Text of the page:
Defines Rules and Filters: Creates packet filters that are applied to User data streams on each interface. Each Filter consists of a set of rules, which define a set of packets to permit or deny based characteristics such as protocol ID, addresses, ports, TCP connection establishment, or packet direction.

Status Functions: Views the router configuration, routing tables, active sessions; views SNMP MIB II statistics, health, temperature, memory status, voltage, packet statistics; reviews accounting logs, and views physical interface status.

Manages the Router: Logs off users, shuts down or reloads the router, manually backs up router configurations, views complete configurations, manager user rights, and restores router configurations.

Sets Encryption/Bypass: Sets up the configuration tables for IP tunneling; sets keys and algorithms to be used for each IP range or allow plaintext packets to be set from specified IP address.

Changes Port Adapters: Inserts and removes adapters in a port adapter slot.

User Role

A User enters the system by accessing the console port with a terminal program. The IOS prompts the User for their password. If the password is correct, the User is allowed entry to the IOS executive program. The services available to the User role consist of the following:

Status Functions: Views state of interfaces, state of layer 2 protocols, and version of IOS currently running

Network Functions: Connects to other network devices (via outgoing telnet or PPP) and initiates diagnostic network services (i.e., ping, mtrace)

Terminal Functions: Adjusts the terminal session (e.g., lock the terminal, adjust flow control)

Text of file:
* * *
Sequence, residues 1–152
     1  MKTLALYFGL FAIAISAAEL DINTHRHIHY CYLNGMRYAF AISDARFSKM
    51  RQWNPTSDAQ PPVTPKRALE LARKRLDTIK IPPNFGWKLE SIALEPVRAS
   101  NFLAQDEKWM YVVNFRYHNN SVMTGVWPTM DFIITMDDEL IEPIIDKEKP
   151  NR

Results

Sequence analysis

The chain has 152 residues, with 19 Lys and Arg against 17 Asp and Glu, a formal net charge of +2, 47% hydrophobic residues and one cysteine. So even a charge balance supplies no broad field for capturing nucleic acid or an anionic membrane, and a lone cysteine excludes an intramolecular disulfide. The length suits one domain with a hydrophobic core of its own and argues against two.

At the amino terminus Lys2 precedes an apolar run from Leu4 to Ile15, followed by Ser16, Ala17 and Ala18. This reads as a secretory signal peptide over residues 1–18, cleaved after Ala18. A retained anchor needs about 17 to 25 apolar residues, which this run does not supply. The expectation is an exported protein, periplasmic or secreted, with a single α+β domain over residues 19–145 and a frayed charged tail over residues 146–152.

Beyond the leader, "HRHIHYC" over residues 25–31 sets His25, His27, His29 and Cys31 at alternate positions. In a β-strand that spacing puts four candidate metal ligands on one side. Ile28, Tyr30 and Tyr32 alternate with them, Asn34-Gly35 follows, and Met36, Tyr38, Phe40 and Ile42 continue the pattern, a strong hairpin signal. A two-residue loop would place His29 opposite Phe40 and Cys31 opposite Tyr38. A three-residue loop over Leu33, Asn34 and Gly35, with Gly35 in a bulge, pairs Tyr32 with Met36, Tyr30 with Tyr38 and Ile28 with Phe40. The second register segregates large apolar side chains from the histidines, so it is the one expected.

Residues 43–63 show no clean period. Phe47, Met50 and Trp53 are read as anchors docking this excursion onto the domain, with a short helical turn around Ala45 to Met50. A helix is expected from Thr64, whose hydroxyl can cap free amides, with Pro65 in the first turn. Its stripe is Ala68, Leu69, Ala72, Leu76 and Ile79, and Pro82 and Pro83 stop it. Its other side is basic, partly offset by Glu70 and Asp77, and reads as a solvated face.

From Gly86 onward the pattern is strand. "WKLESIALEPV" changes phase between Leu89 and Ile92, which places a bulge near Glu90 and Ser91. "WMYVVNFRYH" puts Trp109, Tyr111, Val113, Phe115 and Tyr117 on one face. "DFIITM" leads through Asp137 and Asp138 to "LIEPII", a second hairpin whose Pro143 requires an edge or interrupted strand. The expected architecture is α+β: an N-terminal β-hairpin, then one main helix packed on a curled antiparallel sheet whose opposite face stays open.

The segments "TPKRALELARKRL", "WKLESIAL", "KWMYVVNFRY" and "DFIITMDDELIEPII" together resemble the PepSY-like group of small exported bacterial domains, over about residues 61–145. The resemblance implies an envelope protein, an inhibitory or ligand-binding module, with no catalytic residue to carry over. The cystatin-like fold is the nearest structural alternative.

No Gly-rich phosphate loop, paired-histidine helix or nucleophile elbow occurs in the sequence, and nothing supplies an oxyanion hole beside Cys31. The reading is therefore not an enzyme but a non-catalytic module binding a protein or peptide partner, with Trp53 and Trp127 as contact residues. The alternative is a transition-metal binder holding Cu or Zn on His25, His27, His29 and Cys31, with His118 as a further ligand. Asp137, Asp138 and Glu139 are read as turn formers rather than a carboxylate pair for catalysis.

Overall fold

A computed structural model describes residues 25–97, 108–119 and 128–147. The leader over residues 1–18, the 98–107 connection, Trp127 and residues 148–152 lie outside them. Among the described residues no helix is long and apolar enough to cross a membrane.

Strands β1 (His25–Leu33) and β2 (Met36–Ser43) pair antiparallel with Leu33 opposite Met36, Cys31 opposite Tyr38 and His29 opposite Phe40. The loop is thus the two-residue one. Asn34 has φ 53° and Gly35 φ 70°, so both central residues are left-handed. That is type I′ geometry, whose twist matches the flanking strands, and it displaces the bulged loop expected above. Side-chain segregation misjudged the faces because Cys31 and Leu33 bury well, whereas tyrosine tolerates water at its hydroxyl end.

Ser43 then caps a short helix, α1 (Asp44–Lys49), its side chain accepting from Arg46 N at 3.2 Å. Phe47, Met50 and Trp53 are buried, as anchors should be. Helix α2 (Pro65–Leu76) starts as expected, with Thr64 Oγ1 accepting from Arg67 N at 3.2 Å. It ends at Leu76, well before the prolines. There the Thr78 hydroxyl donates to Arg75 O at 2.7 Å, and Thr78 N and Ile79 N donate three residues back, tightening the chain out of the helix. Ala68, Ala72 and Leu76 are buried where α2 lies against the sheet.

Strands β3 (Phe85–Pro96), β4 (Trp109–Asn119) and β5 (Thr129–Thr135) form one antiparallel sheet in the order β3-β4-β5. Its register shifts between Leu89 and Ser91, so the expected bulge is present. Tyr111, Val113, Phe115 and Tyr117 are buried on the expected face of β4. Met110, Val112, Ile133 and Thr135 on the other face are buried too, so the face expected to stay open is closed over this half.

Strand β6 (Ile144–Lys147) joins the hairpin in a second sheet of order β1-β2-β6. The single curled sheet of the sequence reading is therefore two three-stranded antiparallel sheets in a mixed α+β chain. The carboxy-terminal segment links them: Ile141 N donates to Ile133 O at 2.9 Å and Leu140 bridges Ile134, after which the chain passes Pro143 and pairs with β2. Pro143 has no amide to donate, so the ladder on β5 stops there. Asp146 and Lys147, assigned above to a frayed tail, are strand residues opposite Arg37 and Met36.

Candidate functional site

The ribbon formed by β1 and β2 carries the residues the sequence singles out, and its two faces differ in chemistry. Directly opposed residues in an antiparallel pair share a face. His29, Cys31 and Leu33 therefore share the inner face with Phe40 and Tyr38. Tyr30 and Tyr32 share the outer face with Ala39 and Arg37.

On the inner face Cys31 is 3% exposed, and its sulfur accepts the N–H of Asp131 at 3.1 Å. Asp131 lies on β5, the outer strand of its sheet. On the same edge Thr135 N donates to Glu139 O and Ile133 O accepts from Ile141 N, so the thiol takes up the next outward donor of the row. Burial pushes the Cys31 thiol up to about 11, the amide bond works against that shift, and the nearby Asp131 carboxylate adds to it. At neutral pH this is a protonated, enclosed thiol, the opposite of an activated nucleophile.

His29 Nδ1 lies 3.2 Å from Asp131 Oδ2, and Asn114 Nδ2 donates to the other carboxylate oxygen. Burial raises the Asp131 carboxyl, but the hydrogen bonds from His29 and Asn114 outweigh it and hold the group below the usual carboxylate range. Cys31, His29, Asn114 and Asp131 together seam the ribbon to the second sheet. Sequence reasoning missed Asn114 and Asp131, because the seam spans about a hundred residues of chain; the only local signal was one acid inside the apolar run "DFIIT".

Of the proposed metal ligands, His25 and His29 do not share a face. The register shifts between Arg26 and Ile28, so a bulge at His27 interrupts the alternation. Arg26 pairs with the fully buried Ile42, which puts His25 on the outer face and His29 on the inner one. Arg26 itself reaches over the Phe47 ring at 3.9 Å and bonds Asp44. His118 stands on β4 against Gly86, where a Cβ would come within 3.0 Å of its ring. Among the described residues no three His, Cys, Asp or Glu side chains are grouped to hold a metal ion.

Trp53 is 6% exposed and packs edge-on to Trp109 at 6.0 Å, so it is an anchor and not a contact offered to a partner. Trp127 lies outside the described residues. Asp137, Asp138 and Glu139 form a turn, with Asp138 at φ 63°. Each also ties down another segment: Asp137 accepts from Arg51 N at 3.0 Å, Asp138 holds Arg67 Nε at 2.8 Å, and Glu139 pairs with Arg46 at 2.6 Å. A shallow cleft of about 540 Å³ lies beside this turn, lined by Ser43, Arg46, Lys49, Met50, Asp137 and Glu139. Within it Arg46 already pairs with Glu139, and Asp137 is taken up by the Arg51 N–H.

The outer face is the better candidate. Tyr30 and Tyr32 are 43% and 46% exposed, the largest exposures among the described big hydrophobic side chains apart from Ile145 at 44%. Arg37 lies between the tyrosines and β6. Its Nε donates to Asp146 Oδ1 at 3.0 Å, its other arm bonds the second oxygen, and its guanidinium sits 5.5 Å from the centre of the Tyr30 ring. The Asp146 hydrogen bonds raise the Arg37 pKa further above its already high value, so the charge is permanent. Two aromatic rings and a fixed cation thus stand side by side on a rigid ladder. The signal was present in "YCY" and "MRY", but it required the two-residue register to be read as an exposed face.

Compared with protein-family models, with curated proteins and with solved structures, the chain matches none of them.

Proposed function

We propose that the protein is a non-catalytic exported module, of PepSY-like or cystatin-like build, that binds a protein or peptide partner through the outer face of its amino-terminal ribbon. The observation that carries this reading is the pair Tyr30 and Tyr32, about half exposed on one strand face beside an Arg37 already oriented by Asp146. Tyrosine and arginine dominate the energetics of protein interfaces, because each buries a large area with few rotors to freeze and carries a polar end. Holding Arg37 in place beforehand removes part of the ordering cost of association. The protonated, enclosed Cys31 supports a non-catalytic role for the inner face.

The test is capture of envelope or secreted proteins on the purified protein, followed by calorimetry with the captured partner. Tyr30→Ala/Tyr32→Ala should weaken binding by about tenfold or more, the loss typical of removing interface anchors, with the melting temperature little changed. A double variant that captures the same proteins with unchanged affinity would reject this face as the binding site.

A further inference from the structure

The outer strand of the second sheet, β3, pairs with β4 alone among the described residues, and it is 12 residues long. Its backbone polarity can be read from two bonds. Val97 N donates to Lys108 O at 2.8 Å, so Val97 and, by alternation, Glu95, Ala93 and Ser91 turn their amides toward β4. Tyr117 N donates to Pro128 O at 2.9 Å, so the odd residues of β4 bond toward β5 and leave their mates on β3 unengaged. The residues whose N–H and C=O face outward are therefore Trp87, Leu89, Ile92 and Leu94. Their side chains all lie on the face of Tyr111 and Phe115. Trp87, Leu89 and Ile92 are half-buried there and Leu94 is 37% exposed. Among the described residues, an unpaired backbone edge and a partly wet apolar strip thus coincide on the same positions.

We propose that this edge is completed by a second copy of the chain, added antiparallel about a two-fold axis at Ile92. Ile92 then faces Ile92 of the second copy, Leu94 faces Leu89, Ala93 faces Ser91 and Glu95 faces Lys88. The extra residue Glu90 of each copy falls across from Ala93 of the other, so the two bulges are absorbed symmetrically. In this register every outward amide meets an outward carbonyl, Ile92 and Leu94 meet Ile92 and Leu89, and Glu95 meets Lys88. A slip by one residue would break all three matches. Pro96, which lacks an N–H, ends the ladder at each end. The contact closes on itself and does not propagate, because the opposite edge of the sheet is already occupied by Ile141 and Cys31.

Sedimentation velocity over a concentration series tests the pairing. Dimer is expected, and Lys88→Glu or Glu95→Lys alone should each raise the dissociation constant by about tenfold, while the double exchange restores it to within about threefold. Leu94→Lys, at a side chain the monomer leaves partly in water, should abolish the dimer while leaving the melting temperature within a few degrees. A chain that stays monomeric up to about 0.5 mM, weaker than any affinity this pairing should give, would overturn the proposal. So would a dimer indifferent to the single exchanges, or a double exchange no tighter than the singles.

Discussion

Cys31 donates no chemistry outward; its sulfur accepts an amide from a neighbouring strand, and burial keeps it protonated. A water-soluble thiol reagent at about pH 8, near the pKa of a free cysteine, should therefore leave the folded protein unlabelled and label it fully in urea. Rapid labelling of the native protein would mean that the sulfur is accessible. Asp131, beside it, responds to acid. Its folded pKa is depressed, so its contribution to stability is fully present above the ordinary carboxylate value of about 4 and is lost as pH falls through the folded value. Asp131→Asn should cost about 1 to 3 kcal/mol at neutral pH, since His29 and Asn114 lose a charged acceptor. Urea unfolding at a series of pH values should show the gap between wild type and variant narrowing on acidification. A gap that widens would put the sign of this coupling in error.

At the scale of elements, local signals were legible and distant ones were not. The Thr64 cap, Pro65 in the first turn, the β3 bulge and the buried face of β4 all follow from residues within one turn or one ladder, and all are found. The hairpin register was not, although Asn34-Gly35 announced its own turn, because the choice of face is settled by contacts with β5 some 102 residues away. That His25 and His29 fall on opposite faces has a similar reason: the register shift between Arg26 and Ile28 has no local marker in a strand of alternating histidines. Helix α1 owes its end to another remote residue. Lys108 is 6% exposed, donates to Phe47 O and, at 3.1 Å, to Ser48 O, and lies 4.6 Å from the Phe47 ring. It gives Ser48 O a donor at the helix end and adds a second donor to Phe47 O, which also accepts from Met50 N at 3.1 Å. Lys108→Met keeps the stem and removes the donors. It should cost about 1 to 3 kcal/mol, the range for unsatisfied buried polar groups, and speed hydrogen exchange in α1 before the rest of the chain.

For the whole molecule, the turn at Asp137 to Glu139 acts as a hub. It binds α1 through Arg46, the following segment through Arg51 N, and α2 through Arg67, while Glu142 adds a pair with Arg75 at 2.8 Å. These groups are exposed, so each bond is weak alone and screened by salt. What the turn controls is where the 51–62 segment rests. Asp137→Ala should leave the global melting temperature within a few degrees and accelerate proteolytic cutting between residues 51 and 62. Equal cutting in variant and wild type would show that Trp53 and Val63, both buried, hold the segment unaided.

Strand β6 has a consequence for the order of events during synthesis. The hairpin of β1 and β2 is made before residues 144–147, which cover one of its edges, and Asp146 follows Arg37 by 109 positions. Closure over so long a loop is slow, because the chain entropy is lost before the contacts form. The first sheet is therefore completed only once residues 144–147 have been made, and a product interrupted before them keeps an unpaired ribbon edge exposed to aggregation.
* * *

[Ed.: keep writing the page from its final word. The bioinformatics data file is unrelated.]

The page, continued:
Directory Services: Displays directory of files kept in flash memory

Physical Security

The router is encased in a steel chassis. The front of the router includes six port adapter slots. The rear of the router includes on-board LAN connectors, PC Card slots, and Console/Auxiliary connectors, power cable connection, a power switch, and access to the Network Processing Engine.

Any port adapter slot not populated with a port adapter must be populated with a slot cover (blank port adapter) to operate in FIPS compliant mode. Slot covers are included with each router; additional covers may be ordered from Cisco. You apply the same procedure for labeling port adapters covers as for the port adapters.

Once the router has been configured to meet FIPS 140-2 Level 2 requirements, the router cannot be accessed without signs of tampering. The word `Open' may appear on the label if it was peeled away from the surface of the module. The Crypto Officer should be instructed to record serial numbers, and to inspect for signs of tampering or changed numbers periodically.

To seal the system, apply serialized tamper-evidence labels as described below, and as shown in Figure 4 and Figure 5:

Step 1 Clean the cover of any grease, dirt, or oil before applying the tamper evidence labels. Alcohol-based cleaning pads are recommended for this purpose. The ambient air must be above 10C, otherwise the labels may not properly cure.

Step 2 The tamper evidence label should be placed so that the one half of the label covers the enclosure and the other half covers the 7206 VXR NPE-400 Input/Output Controller.